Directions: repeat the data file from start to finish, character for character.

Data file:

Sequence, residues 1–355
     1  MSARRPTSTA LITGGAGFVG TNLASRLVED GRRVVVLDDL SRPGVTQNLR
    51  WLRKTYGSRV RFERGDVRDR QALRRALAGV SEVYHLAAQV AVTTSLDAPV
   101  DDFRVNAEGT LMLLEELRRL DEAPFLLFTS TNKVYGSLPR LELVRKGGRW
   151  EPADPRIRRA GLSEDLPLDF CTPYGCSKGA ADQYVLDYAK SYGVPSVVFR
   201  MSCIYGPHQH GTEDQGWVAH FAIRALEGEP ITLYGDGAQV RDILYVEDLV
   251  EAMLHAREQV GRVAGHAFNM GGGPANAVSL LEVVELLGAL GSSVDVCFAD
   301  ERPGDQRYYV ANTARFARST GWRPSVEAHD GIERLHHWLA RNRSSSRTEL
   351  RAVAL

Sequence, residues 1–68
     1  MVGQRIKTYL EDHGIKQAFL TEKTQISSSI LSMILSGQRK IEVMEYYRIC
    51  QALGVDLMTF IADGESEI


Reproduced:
Sequence, residues 1–355
     1  MSARRPTSTA LITGGAGFVG TNLASRLVED GRRVVVLDDL SRPGVTQNLR
    51  WLRKTYGSRV RFERGDVRDR QALRRALAGV SEVYHLAAQV AVTTSLDAPV
   101  DDFRVNAEGT LMLLEELRRL DEAPFLLFTS TNKVYGSLPR LELVRKGGRW
   151  EPADPRIRRA GLSEDLPLDF CTPYGCSKGA ADQYVLDYAK SYGVPSVVFR
   201  MSCIYGPHQH GTEDQGWVAH FAIRALEGEP ITLYGDGAQV RDILYVEDLV
   251  EAMLHAREQV GRVAGHAFNM GGGPANAVSL LEVVELLGAL GSSVDVCFAD
   301  ERPGDQRYYV ANTARFARST GWRPSVEAHD GIERLHHWLA RNRSSSRTEL
   351  RAVAL

Sequence, residues 1–68
     1  MVGQRIKTYL EDHGIKQAFL TEKTQISSSI LSMILSGQRK IEVMEYYRIC
    51  QALGVDLMTF IADGESEI